‘Game Of Thrones’ Director Reveals The Arya And Waif Twist Most Fans Missed

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When it comes to Game of Thrones, nothing is ever as it seems.

On Sunday night’s (June 12) episode, fans watched as the Waif chased a bleeding Arya down the streets of Braavos, culminating in a fight that left the Faceless Woman without, well, a face.

Though the chase may have appeared straightforward — perhaps even disappointingly so for some, considering all the Arya and the Waif theories that had been floating around prior to the episode airing — it turns out, there was actually a built-in twist that many fans missed.

In an interview with the Wall Street Journal, Game of Thrones director Mark Mylod revealed that he wanted fans to think that Arya was a goner the moment she tumbled down the steps — when in reality it was all just a part of her plan.

“So, it was really just working the jigsaw puzzle on that, just working toward it, and actually knowing exactly tonally where I wanted to be at each beat, hopefully, in this misdirect that this was ultimately going to lead to the death of Arya,” Mylod told WSJ about crafting the pivotal moment in which Arya jumps and falls down a bunch of steps, while knocking over oranges and the like. “And hopefully the audience will be caught up in that beat and then only retrospectively flip back and realize that actually Arya had been running things the whole time in terms of luring the Waif back to the place where she could have an advantage over her.”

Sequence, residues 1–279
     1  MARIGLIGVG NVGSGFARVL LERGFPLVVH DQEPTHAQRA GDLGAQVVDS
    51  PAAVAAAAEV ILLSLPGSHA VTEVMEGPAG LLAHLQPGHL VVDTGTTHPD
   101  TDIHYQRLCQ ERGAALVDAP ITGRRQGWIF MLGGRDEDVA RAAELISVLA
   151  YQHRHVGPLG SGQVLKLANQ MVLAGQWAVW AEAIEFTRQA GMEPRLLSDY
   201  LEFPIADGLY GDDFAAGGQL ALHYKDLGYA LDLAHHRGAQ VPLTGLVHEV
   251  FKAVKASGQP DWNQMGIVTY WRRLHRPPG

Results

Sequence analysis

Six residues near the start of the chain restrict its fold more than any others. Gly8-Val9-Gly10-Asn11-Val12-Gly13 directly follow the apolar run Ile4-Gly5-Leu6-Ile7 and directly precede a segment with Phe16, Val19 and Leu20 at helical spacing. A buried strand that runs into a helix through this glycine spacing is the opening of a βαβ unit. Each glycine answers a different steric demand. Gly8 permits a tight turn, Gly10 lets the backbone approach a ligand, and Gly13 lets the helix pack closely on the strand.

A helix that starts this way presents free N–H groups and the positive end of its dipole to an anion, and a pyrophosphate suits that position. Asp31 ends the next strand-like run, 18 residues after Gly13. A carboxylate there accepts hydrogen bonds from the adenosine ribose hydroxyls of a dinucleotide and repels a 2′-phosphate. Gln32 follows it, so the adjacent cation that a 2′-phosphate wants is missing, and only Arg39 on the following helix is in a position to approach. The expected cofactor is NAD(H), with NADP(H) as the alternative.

So does that mean Arya was playing the Waif from the moment she seemingly decided to leave for Westeros in the previous episode? When asked by WSJ, Mylod said that according to him, Arya’s decision to go out in to the market to buy passage for Westeros wasn’t a trap to lure out the Waif — it was just a very bad decision.

“My choice is, in episode 7, the character has made her decision to leave the city, and really makes a mistake. She lets her guard down,” said Mylod. “…. I think that, subsequently, she knows once she’s recovering at Lady Crane’s apartment that the Waif will come after her. She knows it’s inevitable. She hopes it won’t be there. That, in my head at least, in terms of my own internal logic, that is where the thought process is: How can I get myself to a position where I have an advantage over this character? In terms of [Arya] choosing that particular basement area where the character hides out — no windows, one door in, one door out, no other light sources — one could make the argument that she set that up long before then and is simply caught out in the open in episode 7.”

In other words, Arya’s face-off (ha!) with the Waif wasn’t as straightforward as it seemed, but also not as complex as some might make it out to be.

Are you satisfied with this new twist? Let us know in the comments!

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